Hotel companies venturing into broader hospitality concepts isn't a new trend, but the rapid growth seen over the last decade is a warning sign to not go overboard. Exclusivity is what makes some of these brands appealing in the first place.
Major hotel brands are increasingly behind offerings that go beyond the business of selling guestrooms. But it’s a lesson in self-control for companies looking to beef up their most luxurious brands.
Companies like Mandarin Oriental and Four Seasons boosted their hotel-branded residential offerings in recent years. Four Seasons also offers a private jet service while Rosewood Hotel Group entered the private membership club business earlier this year.
More are likely on the way: The new and incoming CEOs of SH Hotels & Resorts and Standard International, respectively, both told Skift in recent months about a desire to get a bigger footing in the residential sector.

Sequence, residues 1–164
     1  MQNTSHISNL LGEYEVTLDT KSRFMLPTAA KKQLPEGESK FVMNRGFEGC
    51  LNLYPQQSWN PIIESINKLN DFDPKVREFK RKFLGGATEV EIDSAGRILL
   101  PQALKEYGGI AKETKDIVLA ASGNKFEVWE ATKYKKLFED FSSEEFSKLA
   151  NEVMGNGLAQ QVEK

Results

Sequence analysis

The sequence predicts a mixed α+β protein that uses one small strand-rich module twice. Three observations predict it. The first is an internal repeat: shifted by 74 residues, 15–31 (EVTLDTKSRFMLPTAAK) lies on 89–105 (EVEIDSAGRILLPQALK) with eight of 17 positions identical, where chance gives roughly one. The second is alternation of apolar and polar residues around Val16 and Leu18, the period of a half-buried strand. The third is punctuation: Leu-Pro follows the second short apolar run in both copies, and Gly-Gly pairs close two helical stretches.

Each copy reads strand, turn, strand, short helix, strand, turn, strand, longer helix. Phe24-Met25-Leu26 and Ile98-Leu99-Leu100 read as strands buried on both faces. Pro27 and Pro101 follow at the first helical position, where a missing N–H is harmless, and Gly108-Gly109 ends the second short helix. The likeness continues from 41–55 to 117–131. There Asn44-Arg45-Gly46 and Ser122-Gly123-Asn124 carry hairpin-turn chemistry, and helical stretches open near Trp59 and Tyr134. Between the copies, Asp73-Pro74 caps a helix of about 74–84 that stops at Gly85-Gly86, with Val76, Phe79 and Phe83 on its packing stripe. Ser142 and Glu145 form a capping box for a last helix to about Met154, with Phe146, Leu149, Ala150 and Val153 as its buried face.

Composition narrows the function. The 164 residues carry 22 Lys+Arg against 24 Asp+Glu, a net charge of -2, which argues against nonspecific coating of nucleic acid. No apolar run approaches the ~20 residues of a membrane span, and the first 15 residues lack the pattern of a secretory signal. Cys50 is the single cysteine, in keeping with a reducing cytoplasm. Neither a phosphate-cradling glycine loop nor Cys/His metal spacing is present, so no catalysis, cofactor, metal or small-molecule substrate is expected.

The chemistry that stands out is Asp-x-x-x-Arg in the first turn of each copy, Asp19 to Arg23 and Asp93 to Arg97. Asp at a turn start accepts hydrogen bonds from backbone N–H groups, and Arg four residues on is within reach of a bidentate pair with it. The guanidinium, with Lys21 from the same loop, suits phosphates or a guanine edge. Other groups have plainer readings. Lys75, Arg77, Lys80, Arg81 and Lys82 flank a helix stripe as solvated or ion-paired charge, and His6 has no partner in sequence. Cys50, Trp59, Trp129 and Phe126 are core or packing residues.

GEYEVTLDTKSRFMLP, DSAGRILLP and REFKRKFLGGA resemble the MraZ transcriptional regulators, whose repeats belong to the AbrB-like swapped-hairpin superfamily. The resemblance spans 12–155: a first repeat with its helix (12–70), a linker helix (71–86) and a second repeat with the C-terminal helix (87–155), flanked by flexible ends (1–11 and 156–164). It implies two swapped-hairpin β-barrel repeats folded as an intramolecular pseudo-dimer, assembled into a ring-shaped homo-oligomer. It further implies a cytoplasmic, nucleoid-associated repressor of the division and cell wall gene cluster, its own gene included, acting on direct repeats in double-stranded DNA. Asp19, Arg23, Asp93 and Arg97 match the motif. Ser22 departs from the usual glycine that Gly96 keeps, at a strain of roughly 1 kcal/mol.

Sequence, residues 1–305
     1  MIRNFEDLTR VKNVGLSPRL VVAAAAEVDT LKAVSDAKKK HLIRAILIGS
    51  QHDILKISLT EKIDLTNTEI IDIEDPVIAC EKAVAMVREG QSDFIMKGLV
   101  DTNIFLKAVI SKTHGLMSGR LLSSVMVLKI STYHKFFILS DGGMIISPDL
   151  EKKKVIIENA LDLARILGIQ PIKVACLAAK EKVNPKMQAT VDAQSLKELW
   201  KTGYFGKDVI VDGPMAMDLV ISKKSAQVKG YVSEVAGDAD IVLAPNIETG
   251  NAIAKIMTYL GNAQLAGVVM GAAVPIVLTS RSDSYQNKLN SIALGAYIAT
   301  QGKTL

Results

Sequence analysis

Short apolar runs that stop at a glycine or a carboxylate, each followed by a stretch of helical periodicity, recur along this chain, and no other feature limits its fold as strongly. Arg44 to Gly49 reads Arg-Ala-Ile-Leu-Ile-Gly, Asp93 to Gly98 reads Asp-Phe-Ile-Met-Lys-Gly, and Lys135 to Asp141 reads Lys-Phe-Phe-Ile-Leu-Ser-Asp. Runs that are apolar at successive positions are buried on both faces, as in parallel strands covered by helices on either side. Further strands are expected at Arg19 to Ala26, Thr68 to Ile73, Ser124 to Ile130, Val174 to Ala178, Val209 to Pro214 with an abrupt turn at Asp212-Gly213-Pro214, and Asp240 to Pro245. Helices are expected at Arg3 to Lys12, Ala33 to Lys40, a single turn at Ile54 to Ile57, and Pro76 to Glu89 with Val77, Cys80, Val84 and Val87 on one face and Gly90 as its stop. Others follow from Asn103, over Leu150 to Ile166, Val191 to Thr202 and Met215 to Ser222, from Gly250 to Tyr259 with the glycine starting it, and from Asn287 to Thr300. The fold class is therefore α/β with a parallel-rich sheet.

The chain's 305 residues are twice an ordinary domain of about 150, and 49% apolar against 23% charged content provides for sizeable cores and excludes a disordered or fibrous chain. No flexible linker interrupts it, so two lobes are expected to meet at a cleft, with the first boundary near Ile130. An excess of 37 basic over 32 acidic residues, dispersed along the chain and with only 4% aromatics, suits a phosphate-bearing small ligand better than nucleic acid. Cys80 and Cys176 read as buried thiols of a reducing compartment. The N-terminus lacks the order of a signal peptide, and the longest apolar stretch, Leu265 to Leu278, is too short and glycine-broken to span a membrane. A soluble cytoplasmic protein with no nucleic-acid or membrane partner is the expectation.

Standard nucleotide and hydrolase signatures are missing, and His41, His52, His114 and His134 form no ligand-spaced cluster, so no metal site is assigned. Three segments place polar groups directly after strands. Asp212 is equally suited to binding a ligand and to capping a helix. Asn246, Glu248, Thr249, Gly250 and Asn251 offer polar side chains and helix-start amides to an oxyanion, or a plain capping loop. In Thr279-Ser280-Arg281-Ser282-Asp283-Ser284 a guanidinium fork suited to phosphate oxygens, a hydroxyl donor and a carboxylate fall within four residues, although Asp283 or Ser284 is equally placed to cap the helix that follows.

“Hotel companies or lodging companies are now looking to do everything [with] hospitality,” said Gilda Perez-Alvarado, global CEO of JLL Hotels & Hospitality, in an interview with Skift. “That's where the blurring of the lines has happened with residential trying to move closer to hotel and hotel companies saying, ‘We're not just hotel companies. We actually are a hospitality company, and hospitality has different connotations.’”
Hotel-branded residential offerings represent the biggest and fastest-growing example of companies moving into non-guestroom offerings. The number of these type of residences doubled in the last decade with the development of 52,000 units across 370 projects, according to Savills data quoted by the Wall Street Journal.
Accor inked 17 deals for mixed-use hotel and condo projects last year, and leaders at the Paris-based hotel company indicated plans to beat that figure this year. The general industry consensus in the past for building hotels in this manner is that the pre-construction sales from the condo side of the project offered more of a fi